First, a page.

II. Second Amended Complaint Allegations

Plaintiff brings this action against Defendant S. Adair alleging violations of the Eighth Amendment, and of the Equal Protection and Due Process Clauses of the Fourteenth Amendment. (Second Am. Compl. 2, 37,*fn1 ECF No. 34.) On January 29, 2010, Defendant Adair conducted a mental health intake interview with Plaintiff. Defendant Adair documented that Plaintiff had been placed in a mental health crisis bed from December 14 through December 30, 2009. Defendant Adair documented that during the interview, Plaintiff stated that his cellmate was safe because he had no thoughts or feelings about harming his cellmate. (Id. at 4.) Plaintiff alleges that Defendant Adair falsified a report stating that Plaintiff made a statement during the interview that he wanted single cell status because Plaintiff felt he might rape his cellmate. (Id. at 4-5, 7.)

During an Inmate Classification Committee ("ICC") hearing on February 3, 2010, Defendant Adair disclosed Plaintiff's confidential mental health treatment plan to custody staff. (Id. at 4.) Plaintiff alleges that on February 9, 2010, Defendant Adair falsified a rule violation report by reporting that during the intake interview Plaintiff stated,"I want single cell status, I feel I may rape someone." (Id. at 5, 7.) Defendant Adair also wrote that "I asked him if his [sic] was safe or in any danger, inmate Fisher replied, "Oh no I'm not going to hurt my cellie, he's safe." (Id. at 5.) After speaking with Plaintiff during the hearing, the ICC directed Defendant Adair to write the rule violation report. (Id. at 6.)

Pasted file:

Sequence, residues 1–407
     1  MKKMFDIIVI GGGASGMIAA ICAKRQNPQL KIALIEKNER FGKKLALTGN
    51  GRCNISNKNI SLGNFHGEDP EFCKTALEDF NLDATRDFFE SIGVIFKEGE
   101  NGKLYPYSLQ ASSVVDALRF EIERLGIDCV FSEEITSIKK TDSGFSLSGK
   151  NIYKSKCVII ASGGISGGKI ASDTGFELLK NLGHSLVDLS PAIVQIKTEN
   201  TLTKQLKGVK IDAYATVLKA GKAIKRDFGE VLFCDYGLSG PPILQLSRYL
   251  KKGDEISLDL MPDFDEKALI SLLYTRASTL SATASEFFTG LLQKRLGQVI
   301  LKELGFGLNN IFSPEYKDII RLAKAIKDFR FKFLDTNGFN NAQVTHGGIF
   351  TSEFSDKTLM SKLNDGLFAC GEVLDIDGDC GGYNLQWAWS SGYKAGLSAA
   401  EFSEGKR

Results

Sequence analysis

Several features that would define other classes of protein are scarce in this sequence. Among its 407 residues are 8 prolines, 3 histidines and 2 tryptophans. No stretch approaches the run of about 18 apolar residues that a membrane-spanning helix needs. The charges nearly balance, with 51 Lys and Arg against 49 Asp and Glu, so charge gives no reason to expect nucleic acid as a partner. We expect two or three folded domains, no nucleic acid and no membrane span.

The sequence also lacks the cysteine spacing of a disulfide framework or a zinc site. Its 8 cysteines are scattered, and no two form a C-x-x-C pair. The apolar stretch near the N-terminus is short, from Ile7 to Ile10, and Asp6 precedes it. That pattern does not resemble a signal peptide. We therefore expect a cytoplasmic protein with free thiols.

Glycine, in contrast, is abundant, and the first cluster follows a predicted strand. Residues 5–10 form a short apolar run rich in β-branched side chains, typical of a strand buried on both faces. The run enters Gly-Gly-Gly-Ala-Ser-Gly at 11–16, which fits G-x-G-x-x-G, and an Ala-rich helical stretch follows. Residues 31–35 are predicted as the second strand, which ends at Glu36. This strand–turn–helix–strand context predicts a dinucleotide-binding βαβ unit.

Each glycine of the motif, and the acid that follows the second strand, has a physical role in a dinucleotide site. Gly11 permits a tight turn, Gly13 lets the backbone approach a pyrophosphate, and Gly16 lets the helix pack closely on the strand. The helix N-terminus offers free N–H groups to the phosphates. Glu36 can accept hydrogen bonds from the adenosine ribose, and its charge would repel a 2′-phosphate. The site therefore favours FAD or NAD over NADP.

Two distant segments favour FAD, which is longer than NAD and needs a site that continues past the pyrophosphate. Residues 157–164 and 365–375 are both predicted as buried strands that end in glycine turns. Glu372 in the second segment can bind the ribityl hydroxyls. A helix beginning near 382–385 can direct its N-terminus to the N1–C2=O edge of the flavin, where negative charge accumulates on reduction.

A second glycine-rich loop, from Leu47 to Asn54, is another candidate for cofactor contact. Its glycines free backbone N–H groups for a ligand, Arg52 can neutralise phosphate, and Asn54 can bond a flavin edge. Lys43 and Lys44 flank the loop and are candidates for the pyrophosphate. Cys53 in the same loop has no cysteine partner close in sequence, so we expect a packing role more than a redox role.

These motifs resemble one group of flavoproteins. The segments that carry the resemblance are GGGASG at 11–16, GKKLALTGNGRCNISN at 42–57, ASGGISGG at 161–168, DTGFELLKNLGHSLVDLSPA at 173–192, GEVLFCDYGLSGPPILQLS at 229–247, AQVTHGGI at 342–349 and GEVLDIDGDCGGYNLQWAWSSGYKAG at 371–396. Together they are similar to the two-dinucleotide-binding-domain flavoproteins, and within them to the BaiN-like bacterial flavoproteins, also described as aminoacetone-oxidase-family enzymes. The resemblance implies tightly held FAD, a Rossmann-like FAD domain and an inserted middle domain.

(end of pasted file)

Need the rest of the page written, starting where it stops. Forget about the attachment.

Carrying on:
On March 9, 2010, Defendant Adair appeared by phone at the rule violation hearing. Defendant Adair was asked why he waited until February 3, 2010, to take action regarding the threatening statement made by Plaintiff on January 29, 2010. Defendant Adair responded that there was no threat made against Plaintiff's cellmate, and there was no concern regarding the safety of Plaintiff's cellmate. (Id. at 5.) When the subject of Plaintiff's cell status was brought up at the February 3, 2010 ICC meeting, Defendant Adair relayed the comment made by Plaintiff and his opinion regarding the manipulative nature of the comments. (Id. at 5-6.) Plaintiff was found guilty of violating Director Rule 305(d)(1), threatening an inmate. (Id. at 6.)

Plaintiff alleges that based upon these falsified reports he was placed in administrative segregation from January 29, 2010, until January 19, 2011. Plaintiff states that he is a convicted sex offender and due to the falsified reports his life was in danger.*fn2 (Id. at 8.)

For the reasons set forth below, Plaintiff has failed to state a cognizable claim for relief. Plaintiff has previously been provided with the legal standards that apply to his Eighth Amendment and due process claims and has failed to correct the deficiencies. The Court recommends that these claims be dismissed, with prejudice, for failure to state a claim, and that Plaintiff be given ...